This is a worked example to try and find an example of an approach that might help with existing problems giving a destination on Glasgow buses for those with travel cards (see Pros and cons of autism alert cards and travel cards for details).
In computing we normally call text that’s to be displayed in large lettering a ‘banner’.
So I did a search on the word ‘banner’ on the Google Play App store. And though not all match our intended use there are some that would seem to do what we want. Now if you’ve never downloaded an app from an App store what you very commonly find is that apps for free may have some advertising within them that may or may not be a barrier in what you want to do, mostly but not always paid apps don’t usually have adverts and will often have a larger range of things the app can do – we call these ‘features’.
N.B. If you have photo-sensitive epilepsy be very careful if you try these banner apps out. Most of them will, as a demo, scroll text quickly, some will flash or blink.
I was specifically looking for an app that might provide a banner of large text in clear type that could be read from a distance and in low-light conditions. This could mean that your phone/tablet could be held up to e.g. the bus driver to show what destination you want. Because place names can be long and won’t always all fit on the screen the text needs to be able to animate or scroll so the entire name can be shown. To get the maximum amount of width for text it helps if you turn the device on it’s side with the longer edge at the bottom, shorter on the sides i.e. ‘landscape mode’.
The following sample can display text or can speak short phrases. N.B. There are literally thousands of apps in the app store, I’m only using this as a worked example.
This particular app is free but be aware there is a little bit of advertising. This app allows for up to 15 phrases to be stored and reused though you can change them at any time. You very simply tap on one of the rows of text and type in what text phrase you want to use. In the settings for the app you can change the size of the text, scroll speed and background and foreground text colours, I’ve chosen a blue background and white text in my demo.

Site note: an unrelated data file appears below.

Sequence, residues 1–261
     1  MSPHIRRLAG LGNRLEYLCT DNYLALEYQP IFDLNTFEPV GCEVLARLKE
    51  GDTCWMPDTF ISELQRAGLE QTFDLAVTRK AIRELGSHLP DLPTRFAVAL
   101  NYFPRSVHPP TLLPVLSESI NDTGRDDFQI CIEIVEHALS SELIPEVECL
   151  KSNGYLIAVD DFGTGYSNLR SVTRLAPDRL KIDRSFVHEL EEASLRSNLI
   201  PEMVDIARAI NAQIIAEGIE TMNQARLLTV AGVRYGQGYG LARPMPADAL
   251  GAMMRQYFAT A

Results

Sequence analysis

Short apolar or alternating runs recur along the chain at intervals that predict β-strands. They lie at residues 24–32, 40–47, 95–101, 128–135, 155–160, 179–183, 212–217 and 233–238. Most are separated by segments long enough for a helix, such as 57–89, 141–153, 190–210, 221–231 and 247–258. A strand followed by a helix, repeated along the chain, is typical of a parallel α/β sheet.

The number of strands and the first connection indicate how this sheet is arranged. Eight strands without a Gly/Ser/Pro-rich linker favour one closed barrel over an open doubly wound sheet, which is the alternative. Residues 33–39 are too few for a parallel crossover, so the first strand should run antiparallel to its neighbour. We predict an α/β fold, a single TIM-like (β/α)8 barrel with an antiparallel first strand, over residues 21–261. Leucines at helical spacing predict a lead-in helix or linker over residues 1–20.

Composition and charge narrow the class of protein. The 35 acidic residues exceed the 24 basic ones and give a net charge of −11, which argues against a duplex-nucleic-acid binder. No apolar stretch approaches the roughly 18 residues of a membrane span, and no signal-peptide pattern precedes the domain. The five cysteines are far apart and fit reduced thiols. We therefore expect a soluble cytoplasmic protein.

You tap on the letters ABC in the middle of the screen to indicate you want to display a banner in solid lettering.
To display a banner, tap on the letters ABC in the square to the left of the text phrase you want. Screenshot shows a part near the beginning of “Sauchiehall Street”. The text fills the entire width of the screen and then scrolls the phrase continuously until you tap the screen again.
You tap on the picture of the loudspeaker to indicate that you want to use text to speech. Then you tap on one of the rows of text and type in what you want spoken. When you are ready to have the device speak on your behalf just press the loudspeaker next to whatever phrase you want to speak.
If you were using the same destinations repeatedly then using the app would be quicker as the text would already be entered so you would only have to tap the square ABC. This app will use the voice you have selected in your accessibility settings (see How to…Scottish voices for text to speech on Android for more details)
I’ve recorded sound output via the Scroller – LED & Voice using CereProc Scottish voice ‘Heather’. I’ve just tapped through a list of names:
- Dumbarton Road
- Sauchiehall Street
- Saint Georges Cross
- Wilson Street
Download the CereProc Scottish placenames [MP3]